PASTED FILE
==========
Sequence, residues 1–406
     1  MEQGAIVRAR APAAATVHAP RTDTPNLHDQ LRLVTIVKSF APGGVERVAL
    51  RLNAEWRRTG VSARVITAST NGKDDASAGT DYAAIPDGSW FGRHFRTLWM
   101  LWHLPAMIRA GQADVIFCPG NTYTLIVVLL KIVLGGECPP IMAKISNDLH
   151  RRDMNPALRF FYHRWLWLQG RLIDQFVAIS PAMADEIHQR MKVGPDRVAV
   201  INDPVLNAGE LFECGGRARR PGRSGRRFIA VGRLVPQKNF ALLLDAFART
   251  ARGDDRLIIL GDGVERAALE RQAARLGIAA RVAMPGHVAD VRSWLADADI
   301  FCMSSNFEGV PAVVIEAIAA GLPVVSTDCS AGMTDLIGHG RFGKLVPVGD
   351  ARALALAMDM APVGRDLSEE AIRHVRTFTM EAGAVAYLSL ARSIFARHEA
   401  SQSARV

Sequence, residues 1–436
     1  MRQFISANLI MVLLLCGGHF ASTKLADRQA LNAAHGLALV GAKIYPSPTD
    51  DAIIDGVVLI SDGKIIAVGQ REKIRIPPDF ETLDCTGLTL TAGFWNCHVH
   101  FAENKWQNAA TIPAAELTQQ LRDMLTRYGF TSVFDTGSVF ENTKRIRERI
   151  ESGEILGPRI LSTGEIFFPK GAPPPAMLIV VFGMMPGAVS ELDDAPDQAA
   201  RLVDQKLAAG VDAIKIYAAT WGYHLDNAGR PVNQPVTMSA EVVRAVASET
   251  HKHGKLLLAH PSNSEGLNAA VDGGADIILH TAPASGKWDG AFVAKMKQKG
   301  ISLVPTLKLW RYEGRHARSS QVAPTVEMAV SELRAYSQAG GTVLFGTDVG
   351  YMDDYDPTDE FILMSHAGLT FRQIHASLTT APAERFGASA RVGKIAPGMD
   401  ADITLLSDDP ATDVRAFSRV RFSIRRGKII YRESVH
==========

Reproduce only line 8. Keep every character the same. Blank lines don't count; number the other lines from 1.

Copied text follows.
   301  FCMSSNFEGV PAVVIEAIAA GLPVVSTDCS AGMTDLIGHG RFGKLVPVGD